Of pots and pans

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A kitchen classic

There is a «cooking harbor» in every kitchen. Indeed, there is more than one, many of them designated as «pots». Pots have formed part of cooking for hundreds of years. While they tend to be made of metal nowadays, they previously consisted of ceramic – a tradition still upheld in earthenware cooking pots.

For every pot …

The material not only looks different, it changes the cooking experience. Eighty percent of pots sold are of stainless steel because they are designed for universal use and particularly suited to spending less time at the stove. Cast-iron pots are best suited to cooking, frying and braising. Copper pots are good for making sauces. And anyone looking to cook with less oil and fat reaches for coated cookware. But be careful because these pots are very sensitive and require special care.

Always make sure that the bottom is sufficiently thick. It must also be slightly concave, since it expands when heated and then lies flat on the cooking Surface.

… there is a lid.

The lid can also be decisive in selecting a good pot. Valuable energy can go lost if the lid does not seal perfectly. Whether glass or ceramic – both are in principle equally good. However with glass lids the cooking process can be observed, but metal lids are stronger.

Suited to every stove.

Even the stove itself must be considered in the selection of a pot.

The invention of the electric stove led to pots with clad bottoms, which ensure better heat transmission between cooking plate and cooking pot. Induction stoves meant that pots had to be ferromagnetic; i.e. capable of magnetization. Want to give it a try? Just hold a magnet to a pot bottom. Gas stoves are good territory for all pots. But don’t use pots that are too small, since the flames can lap up the sides. This also holds true for the other heating technologies. A pot that is too big or too small for a cooking zone only wastes energy.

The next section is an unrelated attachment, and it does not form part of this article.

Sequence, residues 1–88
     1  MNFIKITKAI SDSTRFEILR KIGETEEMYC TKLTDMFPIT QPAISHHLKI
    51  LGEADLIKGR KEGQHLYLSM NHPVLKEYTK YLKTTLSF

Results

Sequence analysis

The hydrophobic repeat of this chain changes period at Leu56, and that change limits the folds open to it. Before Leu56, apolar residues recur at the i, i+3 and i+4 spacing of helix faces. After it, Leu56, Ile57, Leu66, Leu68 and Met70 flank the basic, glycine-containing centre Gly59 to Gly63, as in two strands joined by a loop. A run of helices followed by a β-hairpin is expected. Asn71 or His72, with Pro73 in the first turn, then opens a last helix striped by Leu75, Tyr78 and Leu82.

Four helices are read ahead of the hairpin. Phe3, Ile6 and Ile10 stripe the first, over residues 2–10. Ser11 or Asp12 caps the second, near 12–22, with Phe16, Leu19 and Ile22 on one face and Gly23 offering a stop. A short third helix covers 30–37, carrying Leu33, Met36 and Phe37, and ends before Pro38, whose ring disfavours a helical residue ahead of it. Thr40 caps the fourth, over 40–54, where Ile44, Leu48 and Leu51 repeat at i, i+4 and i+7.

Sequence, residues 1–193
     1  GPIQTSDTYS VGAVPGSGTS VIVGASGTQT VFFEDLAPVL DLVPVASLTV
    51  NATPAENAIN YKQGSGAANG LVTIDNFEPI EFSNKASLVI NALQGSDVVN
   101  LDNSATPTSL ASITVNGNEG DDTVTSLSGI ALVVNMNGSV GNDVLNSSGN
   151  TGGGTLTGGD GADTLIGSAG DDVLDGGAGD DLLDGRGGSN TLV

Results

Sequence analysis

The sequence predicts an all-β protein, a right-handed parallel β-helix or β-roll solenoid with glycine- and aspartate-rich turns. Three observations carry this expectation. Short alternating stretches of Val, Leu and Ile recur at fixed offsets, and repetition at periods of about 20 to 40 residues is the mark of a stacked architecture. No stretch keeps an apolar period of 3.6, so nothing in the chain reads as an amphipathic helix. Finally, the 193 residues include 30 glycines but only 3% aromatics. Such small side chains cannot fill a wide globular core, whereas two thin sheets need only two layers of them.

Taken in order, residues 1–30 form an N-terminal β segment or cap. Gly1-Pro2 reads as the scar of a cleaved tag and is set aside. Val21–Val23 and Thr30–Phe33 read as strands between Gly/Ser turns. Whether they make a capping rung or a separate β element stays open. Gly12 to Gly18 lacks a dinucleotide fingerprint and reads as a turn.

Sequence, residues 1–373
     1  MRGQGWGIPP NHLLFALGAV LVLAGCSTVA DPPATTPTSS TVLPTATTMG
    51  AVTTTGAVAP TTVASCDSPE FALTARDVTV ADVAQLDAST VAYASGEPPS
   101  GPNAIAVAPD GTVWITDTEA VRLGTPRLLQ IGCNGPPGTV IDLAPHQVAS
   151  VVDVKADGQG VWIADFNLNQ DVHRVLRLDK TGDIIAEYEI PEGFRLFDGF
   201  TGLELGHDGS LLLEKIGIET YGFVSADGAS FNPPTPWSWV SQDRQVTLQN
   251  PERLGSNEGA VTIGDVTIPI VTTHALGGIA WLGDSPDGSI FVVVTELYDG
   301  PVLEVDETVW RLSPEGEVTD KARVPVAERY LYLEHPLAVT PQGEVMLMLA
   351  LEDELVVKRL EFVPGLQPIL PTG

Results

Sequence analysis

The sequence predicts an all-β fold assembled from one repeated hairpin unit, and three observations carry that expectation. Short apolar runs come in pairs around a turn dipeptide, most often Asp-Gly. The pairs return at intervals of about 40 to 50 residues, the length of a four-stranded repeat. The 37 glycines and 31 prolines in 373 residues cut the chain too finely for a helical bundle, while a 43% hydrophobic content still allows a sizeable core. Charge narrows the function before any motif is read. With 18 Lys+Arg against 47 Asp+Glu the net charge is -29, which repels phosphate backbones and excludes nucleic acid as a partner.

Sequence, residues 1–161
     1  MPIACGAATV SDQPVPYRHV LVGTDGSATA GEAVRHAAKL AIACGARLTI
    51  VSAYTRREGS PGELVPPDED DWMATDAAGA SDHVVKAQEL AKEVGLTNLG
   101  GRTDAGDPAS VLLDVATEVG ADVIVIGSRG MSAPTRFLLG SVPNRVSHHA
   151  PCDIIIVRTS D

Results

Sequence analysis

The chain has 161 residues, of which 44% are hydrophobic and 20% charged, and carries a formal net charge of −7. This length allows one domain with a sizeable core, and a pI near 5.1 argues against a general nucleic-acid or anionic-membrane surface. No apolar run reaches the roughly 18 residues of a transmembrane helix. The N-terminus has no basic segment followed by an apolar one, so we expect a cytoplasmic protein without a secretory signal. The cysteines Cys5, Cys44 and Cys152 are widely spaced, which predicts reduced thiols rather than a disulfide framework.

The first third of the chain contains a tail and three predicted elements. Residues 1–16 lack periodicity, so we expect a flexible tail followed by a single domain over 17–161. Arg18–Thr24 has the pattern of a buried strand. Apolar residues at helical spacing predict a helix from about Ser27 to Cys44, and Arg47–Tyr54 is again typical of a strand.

SCHOTT CERAN® glass-ceramic cooking surfaces are suited to all methods of heating. But they also have special needs: stainless steel and enamel coatings are fine, but pots made of aluminum and copper can leave visible marks. Please do not use these. You can discover more details on pots here.

For every taste.

Time to take a look at the different pot types.

Stewing pan: A flat pot ideal for braising. Meat can be deglazed here after roasting and cooked at low temperature, on the stove or in the oven.

Covered saucepot: A mid-size pot, suited to large quantities, especially stews. Voluminous vegetables can be blanched with these and soups are also excellently prepared in this pot.

Vegetable pot: Deep pot for family portions. Ideal for preparing meat and poultry, but also soups and spaghetti.

Steamer pot: These have holes and the same diameter as the related pots (usually covered-saucepot size). Liquid is brought to a boil in the pot, the rising steam then cooks vegetables, fish and poultry.

Saucepan: The small pot with a long handle is ideal for pouring and preparing sauces and milk.

Pressure cooker: For everyone who’s in a hurry. Air- and water-tight, it produces high steam pressure in which food cooks quicker.

Asparagus pot: As the name suggests, a special pot for cooking Asparagus.

Pan: For the sake of completeness, we don’t want to leave this unmentioned. Stainless-steel pans are perfect for searing meat. A frying pan with handle fits well on the stove, and a serving pan with handles on the side fits well in the oven.

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